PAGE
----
Why he could: The PIMCO co-founder certainly doesn't mind the spotlight. During the fiscal cliff and debt ceiling debates he was a major talking-head presence on business networks, opines regularly on monetary policy, and was a major donor to the Obama campaign.
Why he probably won't: His television appearances in recent years aside, Gross hasn't sought out the media glare in the same way that many on this list have. While he's clearly knowledgeable and concerned about the country's economic health, there isn't much to indicate that he's politically ambitious enough to sacrifice hundreds of millions of his own money for a long-shot presidential bid.
Why she could run: The most powerful woman in U.S. finance, Johnson is president and CEO of Fidelity Investments. The Boston native has consistently given to Republican candidates: from Scott Brown to Rob Portman to John Boehner to Gabriel Gomez. She was also a big Romney donor in 2012.
Why she probably won't: While she's been a major player in the financial world for decades, Johnson has no track record as being particularly outspoken politically.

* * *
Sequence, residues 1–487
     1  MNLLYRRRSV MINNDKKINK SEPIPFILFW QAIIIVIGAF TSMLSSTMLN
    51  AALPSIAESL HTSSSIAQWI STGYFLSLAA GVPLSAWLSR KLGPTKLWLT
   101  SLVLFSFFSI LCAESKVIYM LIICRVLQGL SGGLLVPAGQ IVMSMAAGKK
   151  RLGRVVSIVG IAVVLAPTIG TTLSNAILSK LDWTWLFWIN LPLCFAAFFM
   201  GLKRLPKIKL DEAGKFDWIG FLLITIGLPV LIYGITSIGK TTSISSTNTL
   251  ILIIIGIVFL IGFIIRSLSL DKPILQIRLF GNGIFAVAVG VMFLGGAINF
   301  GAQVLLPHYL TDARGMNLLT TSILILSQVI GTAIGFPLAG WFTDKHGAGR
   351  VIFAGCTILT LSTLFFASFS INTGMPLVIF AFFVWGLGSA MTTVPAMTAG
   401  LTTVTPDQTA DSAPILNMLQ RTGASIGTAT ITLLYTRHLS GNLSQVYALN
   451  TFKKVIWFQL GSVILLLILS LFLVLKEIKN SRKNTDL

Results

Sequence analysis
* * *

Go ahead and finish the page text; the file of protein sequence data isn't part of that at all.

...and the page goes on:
Why he could: One of the world's 100 richest people, Kaiser is chairman of BOK Financial Corp. and a major philanthropist. He was also a major fundraiser and bundler for Obama's 2008 campaign. His George Kaiser Family Foundation invests heavily in early childhood education and community health.
Why he probably won't: The electoral hopes for a Jewish Democrat from Oklahoma seem slim. Add to that the negative blowback from a 2011 investigation into Kaiser's alleged exploitation of tax avoidance strategies and Kaiser's link to failed solar-panel maker Solyndra, and it seems unlikely that Kaiser would desire the scrutiny of the national limelight.